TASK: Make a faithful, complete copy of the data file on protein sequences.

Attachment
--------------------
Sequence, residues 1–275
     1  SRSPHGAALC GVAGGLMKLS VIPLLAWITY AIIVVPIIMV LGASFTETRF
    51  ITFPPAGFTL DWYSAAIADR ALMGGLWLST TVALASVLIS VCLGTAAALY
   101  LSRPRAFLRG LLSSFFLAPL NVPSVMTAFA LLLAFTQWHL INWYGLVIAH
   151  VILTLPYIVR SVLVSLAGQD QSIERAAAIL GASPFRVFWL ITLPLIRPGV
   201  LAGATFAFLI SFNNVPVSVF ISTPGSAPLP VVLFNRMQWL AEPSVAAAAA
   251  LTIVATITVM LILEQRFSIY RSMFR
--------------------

Sequence, residues 1–275
     1  SRSPHGAALC GVAGGLMKLS VIPLLAWITY AIIVVPIIMV LGASFTETRF
    51  ITFPPAGFTL DWYSAAIADR ALMGGLWLST TVALASVLIS VCLGTAAALY
   101  LSRPRAFLRG LLSSFFLAPL NVPSVMTAFA LLLAFTQWHL INWYGLVIAH
   151  VILTLPYIVR SVLVSLAGQD QSIERAAAIL GASPFRVFWL ITLPLIRPGV
   201  LAGATFAFLI SFNNVPVSVF ISTPGSAPLP VVLFNRMQWL AEPSVAAAAA
   251  LTIVATITVM LILEQRFSIY RSMFR